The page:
About Second Hand Baby Gear


Buying or borrowing second hand baby gear can put your baby at risk for injury because the products might not meet current safety standards. There have been great advancements in baby safety over the past 10, 20 and even 30 years.

Don’t assume what you are buying second hand is safe! You don’t know the history of the product and chances are neither does the seller. Ensure all of the manufacturer’s instructions and labeling is still intact and legible. Check to make sure the product hasn’t been recalled BEFORE you take it home. If this means coming back to the store and chancing the product is no longer available, it’s worth it.

Cribs and bassinets are a popular hand-me-down product because they often carry sentimental value if it’s passed down through generations. With the risk of hurting anyone’s feelings, it is really important to check that the crib or bassinet meets current safety standards such as crib slat width and corner post height just to name a few. Hand-me-down cribs and bassinets have a greater chance of missing parts since it’s most likely been reassembled numerous times and traveled.

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Outfitting your baby nursery can cost as little or as much as you deem appropriate. If you are on a tight budget, buying second hand baby gear is a good alternative if you do it safely. Baby gear that can be easily cleaned and meet current safety standards such as clothes, books, or basic toys are great choices to buy or borrow.

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Buying Do’s and Don’ts

Do borrow or buy second hand:

  • Clothes
  • Books
  • Maternity clothes
  • Basic toys that are in “like new” condition and can be easily cleaned

Do NOT borrow or buy second hand:

  • Car seats — It is impossible to know the car seat’s history and using one that has been involved in a crash could jeopardize its effectiveness. Most car seats expire about 5 or 6 years from the date of manufacture and using a car seat after it has expired could be dangerous.
  • Cribs — As a general practice, do not use second hand cribs or heirloom cribs handed down from other family members or those purchased at thrift stores or garage sales because they may not meet the most current safety standards or could have missing or broken parts or hardware.
  • Crib mattresses due to sanitary reasons.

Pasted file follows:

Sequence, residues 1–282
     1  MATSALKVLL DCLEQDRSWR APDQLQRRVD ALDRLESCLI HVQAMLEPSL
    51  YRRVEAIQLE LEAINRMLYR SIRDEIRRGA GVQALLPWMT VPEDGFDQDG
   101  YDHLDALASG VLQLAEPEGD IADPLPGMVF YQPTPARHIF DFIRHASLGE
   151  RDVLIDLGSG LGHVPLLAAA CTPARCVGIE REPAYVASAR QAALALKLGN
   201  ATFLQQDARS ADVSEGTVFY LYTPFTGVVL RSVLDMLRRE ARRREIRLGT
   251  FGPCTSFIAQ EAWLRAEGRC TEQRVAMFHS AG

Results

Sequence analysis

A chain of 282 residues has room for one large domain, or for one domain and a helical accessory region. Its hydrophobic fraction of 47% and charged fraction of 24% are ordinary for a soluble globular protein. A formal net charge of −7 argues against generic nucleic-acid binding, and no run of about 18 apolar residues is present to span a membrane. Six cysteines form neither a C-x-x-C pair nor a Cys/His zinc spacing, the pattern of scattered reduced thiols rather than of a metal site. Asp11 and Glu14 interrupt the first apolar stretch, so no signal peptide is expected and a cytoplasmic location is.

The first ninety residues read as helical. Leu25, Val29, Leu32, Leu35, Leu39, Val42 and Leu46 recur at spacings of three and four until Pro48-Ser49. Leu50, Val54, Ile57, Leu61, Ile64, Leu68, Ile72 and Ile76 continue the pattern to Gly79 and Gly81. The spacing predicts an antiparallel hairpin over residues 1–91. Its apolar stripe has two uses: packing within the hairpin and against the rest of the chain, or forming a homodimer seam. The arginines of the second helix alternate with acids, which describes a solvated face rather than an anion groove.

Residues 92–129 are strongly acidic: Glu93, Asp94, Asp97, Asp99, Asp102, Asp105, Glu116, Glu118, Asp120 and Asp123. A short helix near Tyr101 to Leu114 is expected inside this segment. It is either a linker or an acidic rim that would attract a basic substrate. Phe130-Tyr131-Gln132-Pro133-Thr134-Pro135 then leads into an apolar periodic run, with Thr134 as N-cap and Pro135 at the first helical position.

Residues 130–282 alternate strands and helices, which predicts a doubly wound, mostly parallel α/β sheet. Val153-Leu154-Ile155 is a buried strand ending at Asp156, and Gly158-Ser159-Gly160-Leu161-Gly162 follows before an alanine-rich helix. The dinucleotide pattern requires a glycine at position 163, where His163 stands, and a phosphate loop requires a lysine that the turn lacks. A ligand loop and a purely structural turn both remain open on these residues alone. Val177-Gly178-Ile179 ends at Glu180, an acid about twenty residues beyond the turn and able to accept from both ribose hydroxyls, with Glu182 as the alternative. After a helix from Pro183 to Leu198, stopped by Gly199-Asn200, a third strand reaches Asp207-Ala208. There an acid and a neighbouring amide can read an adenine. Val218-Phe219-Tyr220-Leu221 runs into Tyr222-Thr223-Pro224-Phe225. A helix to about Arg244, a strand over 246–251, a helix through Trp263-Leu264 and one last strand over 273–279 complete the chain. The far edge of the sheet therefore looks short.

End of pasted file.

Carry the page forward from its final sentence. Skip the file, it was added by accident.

• BreastPump accessories due to sanitary reasons.

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New Crib Safety Standards

Beginning June 28, 2011, all cribs made and sold (including resale through thrift stores and online auction sites, for example) must comply with new and improved federal safety standards, 16CFR 1219 and 16CFR 1220. The new rules, which apply to full-size and non full-size cribs, do not allow the sale of traditional drop-side rail cribs. The standard also increases the testing for crib slats and mattress supports, adds requirements for hardware and requires more rigorous testing.

The new rules also apply to cribs currently in use at child care centers and places of public accommodation, by December 28, 2012. At that time these facilities must use only compliant cribs that meet the new federal safety standards. Some state licensing authorities may require accelerated changeovers.

There has not been a specific “recall” of all drop-side cribs due to the new regulation. Instead, some manufacturers recently have voluntarily recalled their cribs in cooperation with the CPSC and offered various fixes or remedies for particular crib models. Although these recalls are separate from CPSC’s new crib standards, traditional drop-side cribs will not meet the new crib standards that are effective on June 28, 2011, and cribs with traditional drop-sides cannot be sold after that date. JPMA has been certifying to the voluntary standard that eliminated drop side cribs for about a year now. As a result many crib makers stopped making drop side cribs many months ago.

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Saving Alternatives

The average parent can spend as much or as little as they deem appropriate on baby gear. The great thing about being a parent now-a-days is the variety. There are baby products that meet every budget and lifestyle need.

If you are considering buying second hand in order to stay on budget, it’s important to prioritize the baby gear you want to buy new. In an effort to be able to splurge on those new items, try keeping to your budget in other areas such as:

  • Breastfeed vs formula
  • Cloth diapers vs disposable diapers
  • Consider making your own baby food vs buying it
  • Borrow books from the local library vs buying them brand new
  • Register for those big ticket safety items you definitely want new like a crib, car seat, and stroller
  • Look for coupons or rebates through retailers.
  • Find a car seat assistance program through hospitals or local health departments that sometimes provide car seats to families in need.

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The Bottom Line!

Put safety before price- even if it’s the deal of the century! This means inspecting the product in detail. Don’t buy any product if it has loose, missing or broken parts, is moldy, rusty or has anything “out of sorts”.

New products meeting current safety standards are the safest option. However, if it is imperative to use older products, make sure they have not been recalled, meet current safety standards and have all the manufacturer instructions and labeling requirements. Most importantly, err on the side of caution and safety and use your best judgment if you must buy second hand baby products or take hand-me-downs. If you are unsure of the safety of any used baby product, it's better to buy new or seek an alternative.

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